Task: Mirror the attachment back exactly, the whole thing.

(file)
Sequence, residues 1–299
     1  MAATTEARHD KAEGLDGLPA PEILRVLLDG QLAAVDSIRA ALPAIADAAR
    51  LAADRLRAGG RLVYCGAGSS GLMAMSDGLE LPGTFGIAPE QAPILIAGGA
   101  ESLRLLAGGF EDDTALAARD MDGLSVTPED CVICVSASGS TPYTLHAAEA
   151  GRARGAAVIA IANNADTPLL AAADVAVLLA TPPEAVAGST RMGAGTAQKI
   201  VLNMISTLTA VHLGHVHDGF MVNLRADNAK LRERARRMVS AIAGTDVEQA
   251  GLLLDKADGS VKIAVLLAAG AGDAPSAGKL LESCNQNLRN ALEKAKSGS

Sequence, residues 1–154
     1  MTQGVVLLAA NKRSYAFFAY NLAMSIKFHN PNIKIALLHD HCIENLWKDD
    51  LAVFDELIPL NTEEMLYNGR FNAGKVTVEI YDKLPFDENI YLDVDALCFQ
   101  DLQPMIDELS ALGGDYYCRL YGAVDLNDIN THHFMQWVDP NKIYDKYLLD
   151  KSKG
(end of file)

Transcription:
Sequence, residues 1–299
     1  MAATTEARHD KAEGLDGLPA PEILRVLLDG QLAAVDSIRA ALPAIADAAR
    51  LAADRLRAGG RLVYCGAGSS GLMAMSDGLE LPGTFGIAPE QAPILIAGGA
   101  ESLRLLAGGF EDDTALAARD MDGLSVTPED CVICVSASGS TPYTLHAAEA
   151  GRARGAAVIA IANNADTPLL AAADVAVLLA TPPEAVAGST RMGAGTAQKI
   201  VLNMISTLTA VHLGHVHDGF MVNLRADNAK LRERARRMVS AIAGTDVEQA
   251  GLLLDKADGS VKIAVLLAAG AGDAPSAGKL LESCNQNLRN ALEKAKSGS

Sequence, residues 1–154
     1  MTQGVVLLAA NKRSYAFFAY NLAMSIKFHN PNIKIALLHD HCIENLWKDD
    51  LAVFDELIPL NTEEMLYNGR FNAGKVTVEI YDKLPFDENI YLDVDALCFQ
   101  DLQPMIDELS ALGGDYYCRL YGAVDLNDIN THHFMQWVDP NKIYDKYLLD
   151  KSKG